BRITAIN'S "wonkiest pub" has been totally destroyed by an overnight blaze.
The Crooked House, in Himley, Staffordshire, caught fire at around 10pm last night – days after it was sold.
Staffordshire and West Midlands fire services raced to the scene on Himley Road to battle the flames but could not contain the inferno.
A witness told the Express & Star: "I went up to my yard to check on my horses and could see a lot of smoke coming from the area of The Crooked House so we drove closer to have a look and could see that it was on fire."
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Following the devastating blaze, the former landlord wrote on Facebook: "So after 10 months of hard work very long hours and constant obstacles it's quiet annoying to see your place of business end up like this…
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"Time effort gone, money gone, and one of the greatest buildings / oldest pub and heritage gone."
And one local fumed: "It is absolutely disgusting that part of our local history has been destroyed like this."
Pictures taken this morning show the smouldering remains of the quirky 192-year-old watering hole.
A police forensics team were spotted in the pub car park investigating the fire.
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Once dubbed "Britain's wonkiest pub", the boozer was put on the market by brewers Marston's in March with a guide price of £675,000.
Following a June break in, which caused tens of thousands of pounds worth of damage and saw one person arrested, the landlord was told on July 7 they had to cease trading.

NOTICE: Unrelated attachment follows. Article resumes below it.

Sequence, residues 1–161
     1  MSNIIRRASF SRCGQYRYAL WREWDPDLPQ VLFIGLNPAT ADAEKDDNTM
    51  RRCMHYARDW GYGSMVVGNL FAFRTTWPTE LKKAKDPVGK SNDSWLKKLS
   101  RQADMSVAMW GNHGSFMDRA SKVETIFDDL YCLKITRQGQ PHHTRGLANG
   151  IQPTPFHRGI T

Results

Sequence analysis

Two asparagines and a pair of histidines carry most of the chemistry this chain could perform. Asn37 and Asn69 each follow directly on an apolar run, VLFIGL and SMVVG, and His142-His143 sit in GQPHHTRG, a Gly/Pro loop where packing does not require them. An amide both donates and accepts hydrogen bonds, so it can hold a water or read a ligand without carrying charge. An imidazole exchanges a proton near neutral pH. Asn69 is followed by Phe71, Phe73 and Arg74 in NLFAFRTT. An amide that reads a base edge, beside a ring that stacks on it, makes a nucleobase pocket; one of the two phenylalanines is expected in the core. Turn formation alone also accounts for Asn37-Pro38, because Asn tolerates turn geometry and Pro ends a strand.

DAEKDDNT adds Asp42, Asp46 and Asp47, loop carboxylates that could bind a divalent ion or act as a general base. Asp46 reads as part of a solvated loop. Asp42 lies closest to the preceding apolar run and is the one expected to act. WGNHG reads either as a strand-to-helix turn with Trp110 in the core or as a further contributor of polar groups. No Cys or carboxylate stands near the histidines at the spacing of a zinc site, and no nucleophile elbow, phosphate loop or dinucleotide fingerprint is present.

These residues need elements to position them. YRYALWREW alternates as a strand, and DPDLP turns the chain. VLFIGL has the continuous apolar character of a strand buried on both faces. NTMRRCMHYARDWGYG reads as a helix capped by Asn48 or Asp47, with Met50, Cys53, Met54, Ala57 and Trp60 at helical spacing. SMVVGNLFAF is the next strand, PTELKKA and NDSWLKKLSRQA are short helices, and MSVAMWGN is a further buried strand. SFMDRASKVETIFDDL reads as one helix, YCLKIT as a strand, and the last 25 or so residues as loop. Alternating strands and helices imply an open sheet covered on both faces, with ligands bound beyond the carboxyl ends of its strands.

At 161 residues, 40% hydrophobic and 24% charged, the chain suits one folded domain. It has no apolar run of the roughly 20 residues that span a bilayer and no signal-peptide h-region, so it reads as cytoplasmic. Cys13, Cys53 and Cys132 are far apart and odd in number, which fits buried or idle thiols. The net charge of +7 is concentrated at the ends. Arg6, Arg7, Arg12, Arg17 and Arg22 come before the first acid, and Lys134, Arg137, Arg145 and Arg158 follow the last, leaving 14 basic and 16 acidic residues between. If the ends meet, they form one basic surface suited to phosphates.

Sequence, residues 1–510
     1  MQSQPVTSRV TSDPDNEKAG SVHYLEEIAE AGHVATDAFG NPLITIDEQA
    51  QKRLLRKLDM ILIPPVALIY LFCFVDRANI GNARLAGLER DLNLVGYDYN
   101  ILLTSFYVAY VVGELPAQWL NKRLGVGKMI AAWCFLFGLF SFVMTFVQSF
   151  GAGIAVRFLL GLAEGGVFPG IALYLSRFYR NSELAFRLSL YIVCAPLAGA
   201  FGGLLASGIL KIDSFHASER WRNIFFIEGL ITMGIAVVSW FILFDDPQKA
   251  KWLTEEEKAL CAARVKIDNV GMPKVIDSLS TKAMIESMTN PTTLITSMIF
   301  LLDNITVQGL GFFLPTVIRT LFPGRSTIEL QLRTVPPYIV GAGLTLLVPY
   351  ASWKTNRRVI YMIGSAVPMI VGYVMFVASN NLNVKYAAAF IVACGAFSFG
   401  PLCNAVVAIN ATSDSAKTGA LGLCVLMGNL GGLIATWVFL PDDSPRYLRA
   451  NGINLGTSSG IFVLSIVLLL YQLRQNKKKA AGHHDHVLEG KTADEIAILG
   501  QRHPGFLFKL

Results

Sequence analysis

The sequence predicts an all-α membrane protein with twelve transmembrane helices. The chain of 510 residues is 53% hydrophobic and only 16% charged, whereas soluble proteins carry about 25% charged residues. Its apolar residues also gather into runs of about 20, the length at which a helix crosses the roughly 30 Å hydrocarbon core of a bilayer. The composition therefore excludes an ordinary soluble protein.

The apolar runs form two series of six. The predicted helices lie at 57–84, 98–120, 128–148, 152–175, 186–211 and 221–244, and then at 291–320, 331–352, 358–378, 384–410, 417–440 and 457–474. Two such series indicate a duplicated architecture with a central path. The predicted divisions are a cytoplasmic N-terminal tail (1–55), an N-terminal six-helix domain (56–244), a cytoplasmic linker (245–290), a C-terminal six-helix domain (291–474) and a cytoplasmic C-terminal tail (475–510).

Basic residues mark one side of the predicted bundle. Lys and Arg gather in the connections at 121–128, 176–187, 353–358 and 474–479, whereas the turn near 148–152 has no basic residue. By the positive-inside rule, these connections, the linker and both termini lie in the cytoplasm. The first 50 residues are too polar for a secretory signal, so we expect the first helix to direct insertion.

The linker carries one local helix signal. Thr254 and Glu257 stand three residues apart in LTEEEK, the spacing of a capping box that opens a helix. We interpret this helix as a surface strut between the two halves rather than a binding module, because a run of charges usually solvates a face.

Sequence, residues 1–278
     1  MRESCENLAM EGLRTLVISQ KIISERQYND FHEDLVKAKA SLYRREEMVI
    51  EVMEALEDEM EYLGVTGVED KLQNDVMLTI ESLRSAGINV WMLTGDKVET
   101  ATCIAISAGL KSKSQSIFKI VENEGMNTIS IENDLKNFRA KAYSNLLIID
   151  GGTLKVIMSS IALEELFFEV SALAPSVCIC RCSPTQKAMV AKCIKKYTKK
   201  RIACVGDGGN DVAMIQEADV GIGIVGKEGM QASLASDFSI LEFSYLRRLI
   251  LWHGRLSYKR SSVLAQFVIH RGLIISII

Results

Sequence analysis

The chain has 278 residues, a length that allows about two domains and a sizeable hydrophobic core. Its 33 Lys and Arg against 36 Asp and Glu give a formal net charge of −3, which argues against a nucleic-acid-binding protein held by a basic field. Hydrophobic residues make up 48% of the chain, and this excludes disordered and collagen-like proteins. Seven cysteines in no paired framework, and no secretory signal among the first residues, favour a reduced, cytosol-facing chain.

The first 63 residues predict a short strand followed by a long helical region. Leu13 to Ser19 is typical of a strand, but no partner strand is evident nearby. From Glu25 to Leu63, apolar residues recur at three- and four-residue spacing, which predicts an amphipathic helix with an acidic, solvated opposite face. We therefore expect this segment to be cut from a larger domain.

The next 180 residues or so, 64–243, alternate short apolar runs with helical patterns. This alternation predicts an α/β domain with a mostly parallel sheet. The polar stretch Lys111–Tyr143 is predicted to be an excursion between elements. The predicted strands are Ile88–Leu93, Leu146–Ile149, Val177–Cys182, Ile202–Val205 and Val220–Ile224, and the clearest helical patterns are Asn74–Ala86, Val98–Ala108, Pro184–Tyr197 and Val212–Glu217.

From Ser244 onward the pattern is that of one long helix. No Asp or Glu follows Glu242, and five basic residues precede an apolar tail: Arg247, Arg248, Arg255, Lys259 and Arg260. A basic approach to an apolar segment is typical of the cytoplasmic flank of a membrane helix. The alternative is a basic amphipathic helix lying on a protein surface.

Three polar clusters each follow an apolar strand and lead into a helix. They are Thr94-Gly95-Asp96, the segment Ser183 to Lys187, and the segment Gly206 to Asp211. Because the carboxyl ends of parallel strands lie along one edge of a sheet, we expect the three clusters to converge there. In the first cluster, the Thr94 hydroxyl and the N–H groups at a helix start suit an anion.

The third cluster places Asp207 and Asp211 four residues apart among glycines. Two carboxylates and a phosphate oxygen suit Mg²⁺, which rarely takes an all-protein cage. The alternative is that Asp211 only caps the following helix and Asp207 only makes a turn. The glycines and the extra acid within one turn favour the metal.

The pub later announced on Facebook: "The Crooked House has been sold.
"Unlikely to be open its doors again. Marston's have sold the site to a private buyer for alternative use."
The sale left locals fearing it would never be used as a pub again and a petition was launched to save it.
As of Saturday night it had attracted more than 3,500 signatures.
The building was constructed in 1765 as a farmhouse but became a pub in the 1830s with people flocking to see how one side is 4ft (1.2m) lower than the other.
Originally called 'The Siden House', meaning crooked in Black Country dialect – the pub got its bizarre effect through subsidence caused by mining in the 1800s.
The Crooked House became known for being the place where coins and marbles seemingly rolled uphill along the bar.
The slanted structure is kept standing as a result of being propped up by buttresses made of bricks and metal bars.
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The Crooked House had been a Grade II listed building since 1960.
The Sun has approached Staffordshire Police for comment.
TIMELINE TO DISASTER
March – Marston's brewers put The Crooked House on the market.
June 25 – Break in causes tens of thousands of pounds of internal and external damage. One person arrested.
July 8 – Marston's tell landlord that damage caused by break-in means they have to cease trading.
July 27 – Landlord announces sale of The Crooked House on Facebook.
August 7 – Fire destroys the pub.
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